If you whirlpool, you need to let the wort settle for 15-20 mins so the trub settles out of suspension. I cool then whirlpool because I use an immersion chiller. With a plate chiller you whirlpool first, let it settle, then run the clean wort through the plate chiller.
Have you noticed if this is equally as effective as whirpooling before cooling? To me, it seems as the settling of the trub this way won't be as effective, as the it will settle randomly on the chiller, on the pot, and sporatically on the bottom of the pot during the approx 20-25 mins it takes to cool. Correct me if you've observed proper settling.

BTW, how long did you wait before draining into the fermentor? The usually 10 mins?

Thanks!
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Old 07-06-2012, 01:15 AM   #9
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From what I understand breweries “whirlpool” to get the trub into a hard pack in the center of the brew kettle. This is NOT to make the beer “better”, or even the final product clearer, but simply to reduce cleaning and “stuck”ness on down the line. But I don’t even see how presumably heavier crud (since you’re letting it settle) goes to the center when centrifuging – but that’s what people do so I guess it works.

As I understand it many breweries hop during the whirlpool. Hops moving through spinning wort is simply more efficient usage than sitting on top of bottom draining wort. This is a secondary “whirlpool” term usage – the time when you add those hops.

Me – when the boil is done I turn the flame off and put the lid on (with immersion chiller hose fittings sticking out – chiller having been boiled for 10min) and I cover the brew kettle with tinfoil (like a starter) for the hour it takes my puny faucet to exchange the heat. When time, I remove my tinfoil covered lid and pour my brew kettle contents through a sanitized strainer (having already pitched my decanted starter into the primary – and wearing a face mask so I don’t breath into the wort.) Using whirlfloc there is definite huge coagulated hot/cold break in the primary – even having been filtered though the hop filled strainer. I don’t skim off hot break (improves head retention), nor do I rack out clear wort after chilling. All that drops out anyway.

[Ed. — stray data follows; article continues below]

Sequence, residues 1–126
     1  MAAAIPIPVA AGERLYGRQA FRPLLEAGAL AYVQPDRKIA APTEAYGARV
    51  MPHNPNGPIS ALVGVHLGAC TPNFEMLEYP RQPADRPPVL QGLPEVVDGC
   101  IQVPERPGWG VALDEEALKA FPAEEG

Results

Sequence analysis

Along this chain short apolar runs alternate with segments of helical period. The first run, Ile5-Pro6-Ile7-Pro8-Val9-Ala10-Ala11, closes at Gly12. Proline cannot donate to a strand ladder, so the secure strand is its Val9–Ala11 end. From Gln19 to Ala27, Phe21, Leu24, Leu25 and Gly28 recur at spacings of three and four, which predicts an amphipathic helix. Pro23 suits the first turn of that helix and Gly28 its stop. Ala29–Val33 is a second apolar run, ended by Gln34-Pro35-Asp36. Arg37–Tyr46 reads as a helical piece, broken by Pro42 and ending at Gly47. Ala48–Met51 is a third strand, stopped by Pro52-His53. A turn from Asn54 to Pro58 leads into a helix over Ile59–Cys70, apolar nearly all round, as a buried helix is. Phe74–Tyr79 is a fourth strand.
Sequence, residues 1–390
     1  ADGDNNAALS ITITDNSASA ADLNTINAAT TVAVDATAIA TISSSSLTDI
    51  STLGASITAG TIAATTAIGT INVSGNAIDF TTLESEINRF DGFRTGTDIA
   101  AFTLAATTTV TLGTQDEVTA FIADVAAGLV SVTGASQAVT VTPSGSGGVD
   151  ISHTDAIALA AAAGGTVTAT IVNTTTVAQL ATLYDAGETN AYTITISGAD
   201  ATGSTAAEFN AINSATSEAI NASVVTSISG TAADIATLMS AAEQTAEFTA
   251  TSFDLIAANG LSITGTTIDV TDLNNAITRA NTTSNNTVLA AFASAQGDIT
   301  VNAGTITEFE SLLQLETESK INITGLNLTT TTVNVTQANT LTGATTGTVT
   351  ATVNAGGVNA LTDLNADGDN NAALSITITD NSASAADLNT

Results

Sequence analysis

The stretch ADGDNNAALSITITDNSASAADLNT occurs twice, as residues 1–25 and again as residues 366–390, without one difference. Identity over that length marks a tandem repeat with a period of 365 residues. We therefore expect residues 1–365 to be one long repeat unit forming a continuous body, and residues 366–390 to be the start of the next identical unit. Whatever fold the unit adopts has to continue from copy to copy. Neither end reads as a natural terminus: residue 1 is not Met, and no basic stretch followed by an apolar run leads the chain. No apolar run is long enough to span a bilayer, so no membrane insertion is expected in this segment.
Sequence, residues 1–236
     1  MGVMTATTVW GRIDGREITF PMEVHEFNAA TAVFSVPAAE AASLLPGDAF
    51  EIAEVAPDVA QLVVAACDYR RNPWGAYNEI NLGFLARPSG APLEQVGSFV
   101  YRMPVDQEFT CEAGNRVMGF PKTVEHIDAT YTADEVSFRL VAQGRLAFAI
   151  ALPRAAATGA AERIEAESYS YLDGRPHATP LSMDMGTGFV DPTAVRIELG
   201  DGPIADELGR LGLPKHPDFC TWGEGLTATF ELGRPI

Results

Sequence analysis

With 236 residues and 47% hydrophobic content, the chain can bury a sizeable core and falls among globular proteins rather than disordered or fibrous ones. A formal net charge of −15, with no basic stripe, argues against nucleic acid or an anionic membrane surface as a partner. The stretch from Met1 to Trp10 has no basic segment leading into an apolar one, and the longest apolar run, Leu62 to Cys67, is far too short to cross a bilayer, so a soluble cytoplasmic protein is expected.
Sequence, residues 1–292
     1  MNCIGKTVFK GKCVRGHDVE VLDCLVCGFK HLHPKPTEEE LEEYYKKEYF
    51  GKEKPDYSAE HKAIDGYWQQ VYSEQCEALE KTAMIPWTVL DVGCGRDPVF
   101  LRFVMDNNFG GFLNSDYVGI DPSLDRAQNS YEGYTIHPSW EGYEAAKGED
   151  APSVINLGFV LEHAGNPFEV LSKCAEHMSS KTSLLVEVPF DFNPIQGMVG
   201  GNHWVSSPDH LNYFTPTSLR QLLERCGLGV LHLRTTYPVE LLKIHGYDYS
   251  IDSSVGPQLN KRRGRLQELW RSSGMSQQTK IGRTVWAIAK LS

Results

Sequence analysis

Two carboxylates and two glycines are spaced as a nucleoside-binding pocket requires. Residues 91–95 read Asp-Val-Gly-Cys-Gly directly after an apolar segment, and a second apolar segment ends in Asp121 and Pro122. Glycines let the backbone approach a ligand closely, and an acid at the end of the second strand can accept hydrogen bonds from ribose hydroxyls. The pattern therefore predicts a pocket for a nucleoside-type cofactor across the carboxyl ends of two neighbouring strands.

Is the “whirlpool” method even applicable with an immersion chiller and pouring into your primary? I don’t think so. I don’t see the point. I guess logically if you can get one going – self sustaining – it would increase your immersion chiller efficiency drastically - but I’m guessing – that’s what I imagine people are sometimes talking about. This would be a third use for the term “whirlpool” – efficiency of heat exchange.

People say “whirlpool” and I don’t know what they are even talking about half the time.

Likewise – I have no idea what this means – and it’s frustrating.

Quote:
Originally Posted by helibrewer View Post
If you whirlpool, you need to let the wort settle for 15-20 mins so the trub settles out of suspension. I cool then whirlpool because I use an immersion chiller. With a plate chiller you whirlpool first, let it settle, then run the clean wort through the plate chiller.
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Old 07-06-2012, 01:42 PM   #10
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I whirlpool by pumping the wort through my CFC to start chilling before I let the trub settle. The whirlpool isn't quite as strong as it could be, but it is sufficient to keep the trub cone away from the wort pickup tube. After a 15 min. whirlpool and cool the temperature is down to about 85 deg. I then let it settle for 15 min. before draining, again through the CFC. The output to the fermenter is usually 65-68 deg., as my well water is at 60-63 deg. in the summer.